Wednesday, October 31, 2012

70. Crystalline blood and } "Terrible Things."

My contributor’s copy of Shadows & Tall Trees #4 arrived a day before the hurricane. Tucked at the binding was a page torn from a copy of The Crystal Geyser. I assumed editor Michael Kelly was playing a joke, that he’d found another copy of the book I mentioned here in June and thought it might spook me to see a page from it turn up in my mail.

Finding the page did spook me, especially when I read it over—I’d read the weird little book through but I didn’t remember this: “…is presumably flint crystalline blood, brilliantly clear, but red-hued, found during the Regime of the Flood, caught in its scrub of ugly useless trees and in the animals sheltered by those trees…”—or any of what followed. And I discovered that the page Michael sent me was missing from my copy.

I emailed Michael—who lives in Canada, who has never visited my home—and asked how he did it, and he wrote back to tell me he had no idea what I was on about. He added, “and according to the almighty Internet, there is no book called The Crystal Geyser. There’s a bottled water called Crystal Geyser. There’s an actual geyser called Crystal in Utah—but no book. I’m sure, since you have a copy, that there is a book called The Crystal Geyser, but I don’t own a copy. You got me curious,” he continued, “so I emailed the other contributors and they didn’t get any mysterious pages with their copies, and none of the books I pulled from the boxes sitting here in my living room have extra pages. Maybe you’re playing a joke on me?”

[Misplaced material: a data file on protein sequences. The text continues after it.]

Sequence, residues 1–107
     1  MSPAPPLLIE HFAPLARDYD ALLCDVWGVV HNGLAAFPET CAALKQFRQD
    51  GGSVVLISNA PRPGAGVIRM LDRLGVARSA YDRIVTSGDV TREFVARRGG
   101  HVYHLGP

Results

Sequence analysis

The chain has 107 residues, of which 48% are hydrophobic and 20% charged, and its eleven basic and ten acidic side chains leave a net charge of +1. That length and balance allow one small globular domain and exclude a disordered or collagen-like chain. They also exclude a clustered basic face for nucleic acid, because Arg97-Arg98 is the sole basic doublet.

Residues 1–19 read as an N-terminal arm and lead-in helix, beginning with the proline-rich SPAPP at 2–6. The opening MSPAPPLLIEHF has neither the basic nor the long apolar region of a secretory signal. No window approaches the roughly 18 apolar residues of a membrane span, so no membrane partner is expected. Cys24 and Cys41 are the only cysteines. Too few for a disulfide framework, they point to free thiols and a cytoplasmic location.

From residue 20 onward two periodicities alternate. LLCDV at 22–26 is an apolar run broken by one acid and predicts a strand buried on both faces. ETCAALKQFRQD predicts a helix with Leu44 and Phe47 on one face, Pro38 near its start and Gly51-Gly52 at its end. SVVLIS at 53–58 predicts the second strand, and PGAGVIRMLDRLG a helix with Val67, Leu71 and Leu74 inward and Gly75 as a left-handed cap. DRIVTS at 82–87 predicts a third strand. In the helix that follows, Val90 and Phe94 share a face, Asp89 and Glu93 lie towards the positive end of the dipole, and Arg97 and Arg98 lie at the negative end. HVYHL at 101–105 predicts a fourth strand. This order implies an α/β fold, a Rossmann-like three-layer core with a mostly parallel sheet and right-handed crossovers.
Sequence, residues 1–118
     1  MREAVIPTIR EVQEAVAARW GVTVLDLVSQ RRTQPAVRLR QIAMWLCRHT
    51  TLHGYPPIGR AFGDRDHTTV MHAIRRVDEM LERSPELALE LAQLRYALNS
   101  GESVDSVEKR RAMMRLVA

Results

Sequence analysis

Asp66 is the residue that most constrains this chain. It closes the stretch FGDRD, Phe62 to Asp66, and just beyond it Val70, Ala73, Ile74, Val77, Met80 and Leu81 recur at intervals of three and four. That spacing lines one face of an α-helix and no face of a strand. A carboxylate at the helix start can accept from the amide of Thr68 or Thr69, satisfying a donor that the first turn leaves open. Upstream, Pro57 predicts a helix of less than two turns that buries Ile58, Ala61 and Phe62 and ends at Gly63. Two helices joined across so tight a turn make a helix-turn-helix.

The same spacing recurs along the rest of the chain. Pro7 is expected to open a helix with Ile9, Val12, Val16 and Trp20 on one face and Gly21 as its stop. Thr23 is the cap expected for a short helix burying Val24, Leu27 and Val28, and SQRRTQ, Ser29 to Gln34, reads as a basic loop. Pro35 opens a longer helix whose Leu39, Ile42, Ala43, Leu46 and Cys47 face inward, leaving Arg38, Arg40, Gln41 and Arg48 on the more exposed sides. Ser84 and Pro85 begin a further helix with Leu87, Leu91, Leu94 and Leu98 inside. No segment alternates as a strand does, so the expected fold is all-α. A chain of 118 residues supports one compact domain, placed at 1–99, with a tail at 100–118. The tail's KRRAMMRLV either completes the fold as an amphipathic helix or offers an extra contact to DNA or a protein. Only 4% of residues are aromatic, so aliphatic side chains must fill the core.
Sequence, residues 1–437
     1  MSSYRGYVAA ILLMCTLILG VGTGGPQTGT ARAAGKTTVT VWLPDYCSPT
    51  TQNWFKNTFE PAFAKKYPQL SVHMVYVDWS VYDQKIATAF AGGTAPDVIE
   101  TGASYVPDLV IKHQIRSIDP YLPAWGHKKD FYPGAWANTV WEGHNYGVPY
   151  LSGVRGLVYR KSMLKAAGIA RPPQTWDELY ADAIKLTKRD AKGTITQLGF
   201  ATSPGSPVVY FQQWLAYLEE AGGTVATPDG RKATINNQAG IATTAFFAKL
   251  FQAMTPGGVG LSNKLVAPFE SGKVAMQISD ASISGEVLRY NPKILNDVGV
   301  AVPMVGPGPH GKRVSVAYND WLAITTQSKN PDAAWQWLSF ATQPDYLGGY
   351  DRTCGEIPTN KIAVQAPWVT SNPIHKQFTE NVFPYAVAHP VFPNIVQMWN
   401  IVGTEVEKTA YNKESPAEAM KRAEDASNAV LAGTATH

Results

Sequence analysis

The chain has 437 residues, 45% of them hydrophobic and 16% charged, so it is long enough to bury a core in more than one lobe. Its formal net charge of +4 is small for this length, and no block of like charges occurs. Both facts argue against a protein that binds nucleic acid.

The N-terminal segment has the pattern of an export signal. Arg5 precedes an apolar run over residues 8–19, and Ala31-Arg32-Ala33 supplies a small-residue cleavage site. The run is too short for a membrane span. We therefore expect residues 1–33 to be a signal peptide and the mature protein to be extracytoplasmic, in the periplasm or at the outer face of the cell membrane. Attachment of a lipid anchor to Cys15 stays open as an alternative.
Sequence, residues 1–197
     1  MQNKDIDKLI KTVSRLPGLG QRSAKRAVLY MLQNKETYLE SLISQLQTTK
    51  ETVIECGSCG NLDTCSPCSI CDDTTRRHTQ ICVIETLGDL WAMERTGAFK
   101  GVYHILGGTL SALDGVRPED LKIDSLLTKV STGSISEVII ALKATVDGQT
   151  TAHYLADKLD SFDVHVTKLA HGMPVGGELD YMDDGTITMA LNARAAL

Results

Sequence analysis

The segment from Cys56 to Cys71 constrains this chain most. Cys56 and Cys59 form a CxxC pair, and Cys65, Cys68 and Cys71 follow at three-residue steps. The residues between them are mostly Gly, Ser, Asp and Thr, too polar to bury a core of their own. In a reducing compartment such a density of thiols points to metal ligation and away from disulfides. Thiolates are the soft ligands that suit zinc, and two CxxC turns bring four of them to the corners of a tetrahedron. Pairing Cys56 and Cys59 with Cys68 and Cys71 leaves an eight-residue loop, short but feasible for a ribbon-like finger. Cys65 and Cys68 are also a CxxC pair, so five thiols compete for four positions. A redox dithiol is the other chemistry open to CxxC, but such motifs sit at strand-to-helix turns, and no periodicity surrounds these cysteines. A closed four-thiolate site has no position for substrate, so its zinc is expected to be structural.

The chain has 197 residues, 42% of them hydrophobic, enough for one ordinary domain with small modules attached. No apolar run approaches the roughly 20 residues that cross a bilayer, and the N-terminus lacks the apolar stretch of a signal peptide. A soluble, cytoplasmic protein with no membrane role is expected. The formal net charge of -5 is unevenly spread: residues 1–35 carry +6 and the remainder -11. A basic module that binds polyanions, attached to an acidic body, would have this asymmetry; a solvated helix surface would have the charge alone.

Of Shadows &Tall Trees, I haven’t read all the issue yet—I just finished “Senbazuru” by V.H. Leslie. The most exciting story in the issue so far is “Terrible Things” by David Surface. If it doesn’t end up reprinted in a best-of anthology, or on the final ballot of one of horror’s little literary awards, it’s time to reconsider the worth of those institutions. Excellent “Senbazuru” is an echo of horrors, of hydrogen bombs and internment camps and of Gilman’s “The Yellow Wallpaper”—a story that goes round and round in my head as a favorite.

Thursday, October 18, 2012

69. word for/word } in space.

You must take a look at the current issue of word for/word. Once again, Editor Jonathan Minton and Web Designer Corey Lafferty find harmony between the needs of a literary journal and the limitations / freedoms of the Web. word for/word is the most readable online poetry journal I’ve ever seen, concerned with the way a reader experiences a poem on the webpage. For instance, poems on word for/word don’t slip beneath the “fold”—in the current issue, what can’t be read without scrolling down is in gray; tap an arrow key and the poem is turned, as if it were written on the outer edge of a wheel, illuminating the next part of the poem. In past issues, the reader slides through the poem, a little like turning a page but more like sliding tiles from right to left, revealing new text beneath.